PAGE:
Artificial sweeteners are chemicals and they are best avoided. Most people use artificial sweeteners when wanting to lose weight because they contain no calories. I accept this is tempting but I really want you to realise that they are not a good solution. As far as weight loss goes, they may actually help prevent it. Sweeteners can change your appetite.
Normally when you eat something sweet, your body expects a bulk of calories to come with that food. However, artificial sweeteners are sweet with no calories so you actually get an increase in appetite in order to prompt you to obtain those calories from somewhere else. So artificial sweeteners can in fact make you gain weight, because you end up eating more and it doesn’t eliminate your sweet tooth.
When rats are fed artificial sweeteners they take in more calories, weigh more and, even more worryingly, this weight is made up of an increase in body fat percentage. It is not only your weight that can be affected. Research on more than 400,000 people over 10 years showed that not only did they gain weight, but they had an increased risk of type 2 diabetes and heart disease. Be very wary of labels which say they have no added sugar, low sugar, light/lite or diet – usually these mean that an artificial sweetener has been added instead of sugar. So skip the slimline!
Sugar may also be broken down into a number of sugars in the ingredient list. This is a manufacturer’s trick to avoid grouping them together and having to list sugar as the first, and therefore greatest, ingredient. Sugar can be broken down into sucrose, fructose, glucose, dextrose, maltodextrin, lactose, maltose and corn syrup. In one breakfast cereal there may be five different sugars listed in the ingredients. To understand the total sugar content in your food item, check the nutritional information column. A good rule of thumb is to choose foods which list ‘carbohydrates of which are sugars’, less than 10g per 100g. It is helpful to know that four grams of sugar is a teaspoon.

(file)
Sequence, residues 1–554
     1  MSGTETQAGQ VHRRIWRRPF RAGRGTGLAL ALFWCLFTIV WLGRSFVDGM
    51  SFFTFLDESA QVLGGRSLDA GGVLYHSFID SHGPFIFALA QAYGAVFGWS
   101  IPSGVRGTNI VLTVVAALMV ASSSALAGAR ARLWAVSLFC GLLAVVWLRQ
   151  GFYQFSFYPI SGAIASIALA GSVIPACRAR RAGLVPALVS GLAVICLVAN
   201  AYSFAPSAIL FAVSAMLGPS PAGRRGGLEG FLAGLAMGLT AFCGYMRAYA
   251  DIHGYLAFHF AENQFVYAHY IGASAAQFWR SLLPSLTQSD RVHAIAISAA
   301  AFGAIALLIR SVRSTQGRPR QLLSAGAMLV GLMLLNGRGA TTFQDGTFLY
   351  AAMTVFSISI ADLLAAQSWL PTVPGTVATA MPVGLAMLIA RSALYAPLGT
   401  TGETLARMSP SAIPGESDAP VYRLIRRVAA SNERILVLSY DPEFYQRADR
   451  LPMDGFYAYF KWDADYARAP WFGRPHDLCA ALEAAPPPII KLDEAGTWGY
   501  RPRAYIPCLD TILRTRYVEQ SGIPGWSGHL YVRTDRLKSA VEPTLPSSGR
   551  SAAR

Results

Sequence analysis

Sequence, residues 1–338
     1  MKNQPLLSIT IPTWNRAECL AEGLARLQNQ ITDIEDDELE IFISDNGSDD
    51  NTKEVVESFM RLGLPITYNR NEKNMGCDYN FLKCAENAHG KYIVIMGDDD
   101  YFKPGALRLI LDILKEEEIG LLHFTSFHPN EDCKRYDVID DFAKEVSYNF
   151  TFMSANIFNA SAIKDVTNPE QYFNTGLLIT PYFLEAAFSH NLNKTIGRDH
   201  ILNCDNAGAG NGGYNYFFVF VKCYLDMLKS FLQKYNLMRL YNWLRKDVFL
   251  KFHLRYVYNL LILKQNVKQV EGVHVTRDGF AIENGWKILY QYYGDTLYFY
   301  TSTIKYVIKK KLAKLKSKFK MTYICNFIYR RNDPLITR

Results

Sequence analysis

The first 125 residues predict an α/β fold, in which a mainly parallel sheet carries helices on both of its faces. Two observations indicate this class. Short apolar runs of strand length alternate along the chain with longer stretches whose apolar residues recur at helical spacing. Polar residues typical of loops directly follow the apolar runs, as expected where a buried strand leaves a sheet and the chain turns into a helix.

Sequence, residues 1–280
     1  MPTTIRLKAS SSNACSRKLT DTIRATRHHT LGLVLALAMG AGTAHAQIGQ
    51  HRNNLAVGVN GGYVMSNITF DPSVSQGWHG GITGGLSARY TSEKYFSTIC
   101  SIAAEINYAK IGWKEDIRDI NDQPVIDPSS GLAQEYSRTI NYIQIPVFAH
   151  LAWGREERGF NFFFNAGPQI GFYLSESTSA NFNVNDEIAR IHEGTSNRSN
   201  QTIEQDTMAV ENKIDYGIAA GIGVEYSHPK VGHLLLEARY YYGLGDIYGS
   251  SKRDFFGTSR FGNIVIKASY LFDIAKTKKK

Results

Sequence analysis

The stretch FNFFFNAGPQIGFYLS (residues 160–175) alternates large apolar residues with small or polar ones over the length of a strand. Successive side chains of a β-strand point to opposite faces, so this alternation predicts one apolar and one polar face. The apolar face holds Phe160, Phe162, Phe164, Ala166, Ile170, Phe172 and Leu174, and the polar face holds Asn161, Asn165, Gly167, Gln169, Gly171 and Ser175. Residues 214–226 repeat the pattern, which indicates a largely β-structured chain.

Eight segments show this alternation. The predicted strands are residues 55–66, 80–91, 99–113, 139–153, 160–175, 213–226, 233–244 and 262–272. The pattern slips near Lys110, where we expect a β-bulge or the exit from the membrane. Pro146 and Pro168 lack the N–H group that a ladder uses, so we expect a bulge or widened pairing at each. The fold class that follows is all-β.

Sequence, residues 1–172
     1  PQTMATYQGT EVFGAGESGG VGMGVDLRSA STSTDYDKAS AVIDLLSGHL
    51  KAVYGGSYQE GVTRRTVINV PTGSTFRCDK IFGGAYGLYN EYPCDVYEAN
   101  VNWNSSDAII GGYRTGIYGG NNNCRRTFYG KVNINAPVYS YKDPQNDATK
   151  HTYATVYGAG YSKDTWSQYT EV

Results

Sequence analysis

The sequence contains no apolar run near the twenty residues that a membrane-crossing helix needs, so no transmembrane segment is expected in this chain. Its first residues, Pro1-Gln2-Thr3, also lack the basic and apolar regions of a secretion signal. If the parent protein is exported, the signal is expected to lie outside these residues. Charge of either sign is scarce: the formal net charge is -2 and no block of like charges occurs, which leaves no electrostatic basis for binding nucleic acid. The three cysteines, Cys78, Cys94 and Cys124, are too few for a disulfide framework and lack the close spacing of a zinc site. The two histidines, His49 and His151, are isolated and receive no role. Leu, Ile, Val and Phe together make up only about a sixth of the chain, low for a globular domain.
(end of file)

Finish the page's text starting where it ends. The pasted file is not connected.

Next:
Generally, the longer the ingredients list, the more suspicious you should be about the origin of the product. Manufacturers argue that additives, preservatives and flavourings, and so on, are used in such small quantities that they will not have any adverse effect. However, when you take into account all the small amounts in all the different products we eat and drink every day, these small amounts soon add up. I believe we’re unwittingly creating a chemical cocktail inside ourselves – and nobody knows exactly how these chemicals will react together. It is quite impossible to make sure every morsel you eat is chemical-free, especially if your lifestyle means you have to take snacks or meals away from home, as most of us do. Just make sure that what you eat at home is as natural and healthy as possible. Everything in moderation is the best rule to follow. If your busy life means that sometimes you have to buy convenience or packaged food, then find the best brand you can and go for the shortest, least chemical-looking ingredients list possible.
In an ideal world, we would all shop at small retailers offering local, organic produce but that isn’t always practical. If you can support your local shop, wholefood store, organic farm shop, farmers’ market or independent health food store, then do – your food will contain far less food miles and your support will be far more helpful to the local economy and your long term health.